“I’d be interesting in knowing the opinion of your current rheuma.”
So would I. But, I’m looking for a specific opinion on whether mobility helps inflammation or not.
To explain, I’ve caused confusion between:
-habitual exercise (that is, when you’re NOT having an acute attack… and I do mean “acute” as opposed to whatever you might have that lasts for months)
-exercise during an attack
-weight-bearing exercise involving a joint affected by an attack
I believe habitual exercise is a separate topic. Specifically: “But, please note this is not about the general benefits of exercise for gout sufferers. Because I should already have explained that at Gout & Exercise.”
But, I do think I could have been clearer about the other points.
To explain, I do not want to encourage gout sufferers to risk further damage to joints that have already been weakened through gout. So, if you suspect this is the case, you should get imaging tests immediately. Certainly, standard X-rays and ultrasound are useful. But, if funding is available, then CAT scans or MRI scans reveal a better picture.
As an aside, let’s look at that damage for a moment. Because uric acid crystals cannot cause “mechanical damage” in the way I understand the meaning. Uric acid crystals cause tendinitis, osteoarthritis, and other damage through the immune response system. That is to say, when white blood cells (WBCs) attack uric acid crystals, all hell breaks loose. Because our bodies rely on many different types of WBCs. Some of which were destined to repair bone, cartilage, etc.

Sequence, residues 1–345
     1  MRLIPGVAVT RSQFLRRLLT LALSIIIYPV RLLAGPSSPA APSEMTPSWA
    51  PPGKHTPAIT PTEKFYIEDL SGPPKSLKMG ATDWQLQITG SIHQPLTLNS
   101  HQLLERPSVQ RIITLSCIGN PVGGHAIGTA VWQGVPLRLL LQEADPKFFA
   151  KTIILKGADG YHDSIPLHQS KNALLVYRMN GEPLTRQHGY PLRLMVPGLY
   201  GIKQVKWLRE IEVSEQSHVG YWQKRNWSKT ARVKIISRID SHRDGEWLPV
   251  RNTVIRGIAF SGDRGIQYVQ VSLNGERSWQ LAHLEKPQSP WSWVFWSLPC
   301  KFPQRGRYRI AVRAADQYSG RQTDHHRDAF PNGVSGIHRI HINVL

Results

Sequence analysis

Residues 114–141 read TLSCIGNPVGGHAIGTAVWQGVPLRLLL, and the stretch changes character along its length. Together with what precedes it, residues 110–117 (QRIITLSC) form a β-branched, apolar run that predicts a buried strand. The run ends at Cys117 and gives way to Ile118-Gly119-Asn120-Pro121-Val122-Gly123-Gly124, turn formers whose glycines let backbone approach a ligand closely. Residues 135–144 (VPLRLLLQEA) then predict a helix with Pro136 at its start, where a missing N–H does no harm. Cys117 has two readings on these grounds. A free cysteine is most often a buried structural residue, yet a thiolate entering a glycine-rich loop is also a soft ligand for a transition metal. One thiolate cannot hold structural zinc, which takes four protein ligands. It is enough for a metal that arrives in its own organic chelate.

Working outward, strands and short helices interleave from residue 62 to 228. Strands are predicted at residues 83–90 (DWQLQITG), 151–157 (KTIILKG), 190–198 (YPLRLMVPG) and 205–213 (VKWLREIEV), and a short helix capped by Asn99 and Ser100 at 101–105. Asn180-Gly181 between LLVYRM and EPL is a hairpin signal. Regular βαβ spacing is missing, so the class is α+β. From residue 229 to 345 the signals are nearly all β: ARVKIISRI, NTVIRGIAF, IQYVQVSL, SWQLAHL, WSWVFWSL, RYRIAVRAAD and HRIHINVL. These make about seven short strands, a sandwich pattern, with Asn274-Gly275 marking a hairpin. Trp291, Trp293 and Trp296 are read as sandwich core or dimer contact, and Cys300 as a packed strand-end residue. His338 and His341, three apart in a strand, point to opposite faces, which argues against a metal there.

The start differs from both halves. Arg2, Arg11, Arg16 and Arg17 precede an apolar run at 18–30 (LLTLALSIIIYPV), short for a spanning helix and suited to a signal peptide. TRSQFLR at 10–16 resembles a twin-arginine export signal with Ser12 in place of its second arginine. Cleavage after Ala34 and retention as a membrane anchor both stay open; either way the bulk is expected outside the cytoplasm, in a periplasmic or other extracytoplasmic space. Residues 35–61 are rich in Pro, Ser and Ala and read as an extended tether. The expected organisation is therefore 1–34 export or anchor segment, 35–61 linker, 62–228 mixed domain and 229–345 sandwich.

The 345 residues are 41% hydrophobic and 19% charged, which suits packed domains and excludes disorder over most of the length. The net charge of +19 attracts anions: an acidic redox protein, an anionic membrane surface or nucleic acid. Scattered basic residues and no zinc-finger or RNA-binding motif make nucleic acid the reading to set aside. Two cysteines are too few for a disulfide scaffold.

So, there is no mechanical wearing down of joints. But, lack of maintenance because the janitors have been sacrificed to battle.
I think that this is a separate topic. Unless forced mobility of inflamed joints increases the chances of more specialist WBCs being sacrificed. Which means we have one meaningful question to ask a rheumatologist:
“Is there any evidence to support the notion that osteoblasts, tenocytes, and other specialized cells are at risk if mobility is increased during periods of inflammation” ❓
Finally, I return to my suggestion that mobility can reduce the duration of inflammation where there is no indication of joint damage. So, my second question for d_q’s rheumy is:
“Please can you explain Pinto’s reasons for recommending “sit less and move more”, particularly light-intensity activities and/or breaking-up sedentary time.” ❓
Because that is key to understanding mobility during gout attacks.
Of course, the real issue remains to get uric acid controlled. Then, gout stops and none of this matters. But like d_q, I love a good debate. Which is why I proposed the Mass Debating Society in high school. 😉